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Non Lethal Control
There Are Effective Alternatives to Trap and Kill!
© Laurie Goldstein www.StrayPetAdvocacy.org
Animal Control. The most commonly employed method of animal control for feral cat population management is to capture and euthanize feral or unowned cats (often referred to as "trap and kill" versus an alternative, "trap-neuter-return" or "TNR"). No one knows how many feral cats there are in the U.S. and estimates are wide ranging (credible estimates range from 13 million to 87 million). Given that cities and towns throughout the United States have employed the method of trap and kill for decades, it is clear that this method of animal control is not effectively addressing the "pet overpopulation" problem.
Eradication Does Not Work. In her article, "Feral Cats - Extermination is not the Answer" (©1994, 1995, 2000, 2002, see link below), Sarah Hartwell cites the example of Marion Island, a small "inhospitable" island (12 miles x 8 miles) off the coast of South Africa. In 1949, a group of scientists left the island, leaving behind five unsterilized cats. By 1975 there were 2,500 cats on the island preying on ground-nesting seabirds. Deliberate infection with feline enteritis killed about 65% of the cats. The remaining 35% developed immunity and continued to breed. Jack Russell terrier dogs were used to flush out the remaining cats, and between 1986 and 1989 further cats were exterminated by hunting. At that time, it was determined that further poisoning was necessary. Poison that also killed the birds was used to eliminate the balance of the cat population. No cats were seen in 1991.
It took 16 years to eradicate 2,500 isolated cats from a small island with "rapid" methods of eradication that could not be used in populated areas. How can euthanization be successful as a method of animal control anywhere that new animals can move in and recolonize cleared areas?
There Is an Alternative. Trap-Neuter-Return (TNR) is becoming recognized as an efficient and cost-effective tool for controlling and reducing feral cat populations. The concept is simple. Trap the cats, test them for lethal disease, euthanize those that test positive; for those that test negative, vaccinate, spay or neuter, then return those cats to the colony/area where they were found. As the cats can no longer reproduce, the colony diminishes in size over time. Additionally, by reducing or eliminating mating, the behavior of unsterilized animals that includes fighting and wandering (looking for mates) is eliminated. TNR not only controls the unchecked growth of unsterilized animals, it improves the health, behavior and quality of life of the affected animals.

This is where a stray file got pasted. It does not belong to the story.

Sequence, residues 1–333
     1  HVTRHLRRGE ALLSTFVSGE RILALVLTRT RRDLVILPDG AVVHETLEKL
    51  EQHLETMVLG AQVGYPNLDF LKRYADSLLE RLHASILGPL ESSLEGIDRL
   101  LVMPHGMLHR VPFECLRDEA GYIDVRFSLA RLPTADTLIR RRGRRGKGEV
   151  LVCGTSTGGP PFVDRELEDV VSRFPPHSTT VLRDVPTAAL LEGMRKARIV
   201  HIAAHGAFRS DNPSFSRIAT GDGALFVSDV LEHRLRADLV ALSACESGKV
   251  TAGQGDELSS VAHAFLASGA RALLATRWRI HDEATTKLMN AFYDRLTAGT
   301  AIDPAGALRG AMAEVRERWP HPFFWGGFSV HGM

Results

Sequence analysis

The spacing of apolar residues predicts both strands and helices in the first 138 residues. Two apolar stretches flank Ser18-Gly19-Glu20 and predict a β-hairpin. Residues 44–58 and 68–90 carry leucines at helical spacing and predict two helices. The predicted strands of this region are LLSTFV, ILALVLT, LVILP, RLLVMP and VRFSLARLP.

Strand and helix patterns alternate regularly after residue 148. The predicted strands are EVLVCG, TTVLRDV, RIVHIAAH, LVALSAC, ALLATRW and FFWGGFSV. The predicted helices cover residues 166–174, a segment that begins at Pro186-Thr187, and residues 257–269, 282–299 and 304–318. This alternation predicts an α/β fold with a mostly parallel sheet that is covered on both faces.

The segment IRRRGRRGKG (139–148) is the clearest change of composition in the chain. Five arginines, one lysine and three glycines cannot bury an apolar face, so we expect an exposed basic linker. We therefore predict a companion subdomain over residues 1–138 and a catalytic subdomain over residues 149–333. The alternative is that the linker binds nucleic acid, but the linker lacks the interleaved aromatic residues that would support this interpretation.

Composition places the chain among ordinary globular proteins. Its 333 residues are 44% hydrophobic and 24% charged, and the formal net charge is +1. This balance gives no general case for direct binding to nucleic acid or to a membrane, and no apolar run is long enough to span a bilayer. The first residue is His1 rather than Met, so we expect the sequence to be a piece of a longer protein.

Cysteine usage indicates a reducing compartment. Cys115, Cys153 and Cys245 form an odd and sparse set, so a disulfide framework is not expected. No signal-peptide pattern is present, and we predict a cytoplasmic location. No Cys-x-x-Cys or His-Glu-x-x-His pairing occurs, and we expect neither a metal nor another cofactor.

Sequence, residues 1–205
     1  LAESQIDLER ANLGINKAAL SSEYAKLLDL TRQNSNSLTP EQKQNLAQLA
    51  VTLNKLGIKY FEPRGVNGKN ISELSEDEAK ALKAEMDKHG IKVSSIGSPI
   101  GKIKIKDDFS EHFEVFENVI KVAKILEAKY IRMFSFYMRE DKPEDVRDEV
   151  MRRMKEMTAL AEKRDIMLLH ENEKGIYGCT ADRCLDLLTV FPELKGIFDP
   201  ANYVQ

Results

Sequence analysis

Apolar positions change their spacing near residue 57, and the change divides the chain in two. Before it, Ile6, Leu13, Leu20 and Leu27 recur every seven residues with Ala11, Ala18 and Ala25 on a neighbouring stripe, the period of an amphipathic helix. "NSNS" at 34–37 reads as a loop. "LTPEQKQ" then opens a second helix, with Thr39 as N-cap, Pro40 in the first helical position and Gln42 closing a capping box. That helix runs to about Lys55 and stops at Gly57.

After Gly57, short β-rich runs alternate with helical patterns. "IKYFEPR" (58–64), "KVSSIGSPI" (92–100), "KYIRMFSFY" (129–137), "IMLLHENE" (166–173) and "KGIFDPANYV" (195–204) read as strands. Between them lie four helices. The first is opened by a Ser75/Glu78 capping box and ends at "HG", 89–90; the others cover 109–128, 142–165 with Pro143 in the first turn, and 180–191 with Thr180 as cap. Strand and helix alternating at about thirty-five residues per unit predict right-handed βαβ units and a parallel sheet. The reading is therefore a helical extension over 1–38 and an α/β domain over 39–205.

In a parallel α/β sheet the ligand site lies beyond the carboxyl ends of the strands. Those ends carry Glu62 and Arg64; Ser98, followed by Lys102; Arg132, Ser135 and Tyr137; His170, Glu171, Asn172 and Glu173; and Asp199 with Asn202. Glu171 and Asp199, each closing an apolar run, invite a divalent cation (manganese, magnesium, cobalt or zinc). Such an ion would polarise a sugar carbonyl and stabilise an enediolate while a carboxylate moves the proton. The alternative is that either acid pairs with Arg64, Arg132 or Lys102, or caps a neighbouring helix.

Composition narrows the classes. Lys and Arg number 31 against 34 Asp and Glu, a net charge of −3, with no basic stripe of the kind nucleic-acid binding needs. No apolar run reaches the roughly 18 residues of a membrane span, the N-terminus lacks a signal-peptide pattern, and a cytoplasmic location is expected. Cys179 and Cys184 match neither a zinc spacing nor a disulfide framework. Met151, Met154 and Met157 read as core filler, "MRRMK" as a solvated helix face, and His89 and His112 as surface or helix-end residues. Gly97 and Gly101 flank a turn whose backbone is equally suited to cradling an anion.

TNR Works. According to the Feral Cat Coalition based in San Diego, since implementing a TNR program, the number of cats impounded and killed was 50% lower after five years. The reduction in the trap and kill rate was achieved with an adoption rate from shelters that remained constant and despite area (human) population growth. Prior to the implementation of TNR, the rate of cats impounded and killed was rising at a 15% annual rate. TNR works.
TNR Does Not Create the Cats - They Are Already There. Many communities throughout the U.S. have implemented TNR programs, however they cannot do it without state and local legislative support. For instance, it cannot be a crime to feed feral animals. Feeding feral animals must not make the caregiver solely responsible for them as an "owner." Further, many communities throughout the U.S. have tried to implement TNR programs, but have faced stiff argument by those who fear the "establishing" or "encouraging" of feral cat colonies. These arguments are ridiculous for a very simple reason. The cats are already there. The concept of TNR is to manage the population of cats that is already in your neighborhood, on your block, or wandering your farm. TNR does not create the cats. In fact, a strong argument against trap and kill methods of animal control is simply the large number of feral and stray cats in shelters or that remain homeless across this country. The trap and kill programs have not worked and are not working. According to Karen Johnson in "A Report on Trap/Alter/Release Programs" © 1995 (see link below), "Cats are territorial. They don't allow other cats into their territory to steal their food. Altered cats will stand their ground and guard their food source, will not have kittens, and will die in a few years. Remove the cat(s) from the habitat without changing the habitat and another cat will move in."
In a study published in the Journal of the American Veterinary Association (see link below), Karl I. Zaunbrecher, DVM wrote: "the presence of feral cats in a place indicates an ecologic niche for approximately that number of cats; the permanent removal of cats from a niche will create a vacuum that then will be filled through migration from outside or through reproduction within the colony, by an influx of a similar number of feral cats that are usually sexually intact; and removal of cats from an established feral colony increased the population turnover, but does not decrease the number of cats in the colony.
....Furthermore, the repeated influx of new cats into the colony increased territorial and hierarchic fighting, increased the probability that new diseases will be introduced into the colony, and generally exacerbated the very behavioral patterns for which feral cats are usually labeled a nuisance.(1) If population numbers could be stabilized and turnover could be reduced, territorial behavior within the colony would discourage migration into the colony from outside, resulting in a group of cats that should be healthier, quieter, and more acceptable to their human neighbors." ((1) See article in link below for reference material).